Less than 250 light-years from Earth lie two newly found planets orbiting a star not unlike our own. A new study introduces these discoveries and explores what we may learn from future observations of their puffy atmospheres.
Identifying Ideal Targets
Artist’s illustration of NASA’s TESS mission observing a system of transiting exoplanets. [MIT]The Transiting Exoplanet Survey Satellite (TESS) mission was specifically designed to search for transiting planets smaller than 4 Earth radii around bright stars — and it’s already found more than 1,000 planet candidates, with 10,000 expected by mission end. These discoveries will help us to better understand the transition between rocky planets like Earth, which have compact atmospheres, and gaseous sub-Neptunes, which have extended, puffy atmospheres.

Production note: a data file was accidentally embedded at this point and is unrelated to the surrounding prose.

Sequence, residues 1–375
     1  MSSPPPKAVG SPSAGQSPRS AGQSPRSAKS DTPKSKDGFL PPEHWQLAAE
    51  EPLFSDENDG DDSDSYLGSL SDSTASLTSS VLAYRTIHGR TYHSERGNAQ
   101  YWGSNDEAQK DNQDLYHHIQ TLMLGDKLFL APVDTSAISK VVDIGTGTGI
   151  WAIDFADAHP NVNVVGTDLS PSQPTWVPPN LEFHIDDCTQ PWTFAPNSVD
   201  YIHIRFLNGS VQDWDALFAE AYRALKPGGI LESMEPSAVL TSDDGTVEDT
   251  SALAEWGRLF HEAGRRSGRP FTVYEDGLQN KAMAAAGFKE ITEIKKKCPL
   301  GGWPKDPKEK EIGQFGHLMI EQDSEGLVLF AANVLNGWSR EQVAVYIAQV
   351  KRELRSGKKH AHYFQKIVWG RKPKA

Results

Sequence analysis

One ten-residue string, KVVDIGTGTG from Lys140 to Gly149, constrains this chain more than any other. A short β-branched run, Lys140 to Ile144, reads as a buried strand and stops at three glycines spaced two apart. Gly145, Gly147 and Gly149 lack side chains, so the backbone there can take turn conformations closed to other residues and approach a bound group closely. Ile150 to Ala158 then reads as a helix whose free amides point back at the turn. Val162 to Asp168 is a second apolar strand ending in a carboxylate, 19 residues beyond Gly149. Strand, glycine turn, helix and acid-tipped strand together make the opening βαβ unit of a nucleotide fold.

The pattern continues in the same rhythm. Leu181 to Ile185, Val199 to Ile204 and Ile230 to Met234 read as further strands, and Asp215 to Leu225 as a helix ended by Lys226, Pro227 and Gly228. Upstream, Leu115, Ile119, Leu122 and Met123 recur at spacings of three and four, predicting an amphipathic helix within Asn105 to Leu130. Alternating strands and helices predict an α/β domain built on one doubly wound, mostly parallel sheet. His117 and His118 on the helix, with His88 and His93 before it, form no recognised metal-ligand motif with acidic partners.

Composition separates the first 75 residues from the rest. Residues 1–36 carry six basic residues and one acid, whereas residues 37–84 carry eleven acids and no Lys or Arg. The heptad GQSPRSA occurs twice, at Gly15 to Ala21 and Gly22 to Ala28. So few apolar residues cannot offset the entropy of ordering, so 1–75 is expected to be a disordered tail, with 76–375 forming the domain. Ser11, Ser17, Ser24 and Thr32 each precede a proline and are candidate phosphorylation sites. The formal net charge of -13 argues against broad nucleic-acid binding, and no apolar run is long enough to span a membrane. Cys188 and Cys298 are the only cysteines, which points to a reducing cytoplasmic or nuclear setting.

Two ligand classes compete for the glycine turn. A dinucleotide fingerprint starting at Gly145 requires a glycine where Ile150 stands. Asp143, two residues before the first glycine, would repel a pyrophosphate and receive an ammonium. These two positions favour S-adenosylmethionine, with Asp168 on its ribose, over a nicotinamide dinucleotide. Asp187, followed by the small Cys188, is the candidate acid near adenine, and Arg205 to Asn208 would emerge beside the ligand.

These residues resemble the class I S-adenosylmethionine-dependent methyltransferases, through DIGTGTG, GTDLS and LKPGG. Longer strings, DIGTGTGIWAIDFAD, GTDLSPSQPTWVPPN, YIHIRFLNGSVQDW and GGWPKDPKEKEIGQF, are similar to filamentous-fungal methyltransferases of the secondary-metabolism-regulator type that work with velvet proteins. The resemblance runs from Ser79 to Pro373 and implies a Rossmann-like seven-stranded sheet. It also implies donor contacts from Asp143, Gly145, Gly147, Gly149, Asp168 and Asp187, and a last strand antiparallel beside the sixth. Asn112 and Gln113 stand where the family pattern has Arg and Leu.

With the upcoming launch of the James Webb Space Telescope (JWST), we’d especially like to identify TESS discoveries that make ideal candidates for transit spectroscopy with JWST. Transit spectroscopy allows us to study the atmospheres of nearby planets as they orbit across the face of their bright host star.
TESS light curves showing the phase-folded transits for TOI-421 b (top) and c (bottom). [Adapted from Carleo et al. 2020]In a new publication, a team of scientists led by Ilaria Carleo (Wesleyan University; ...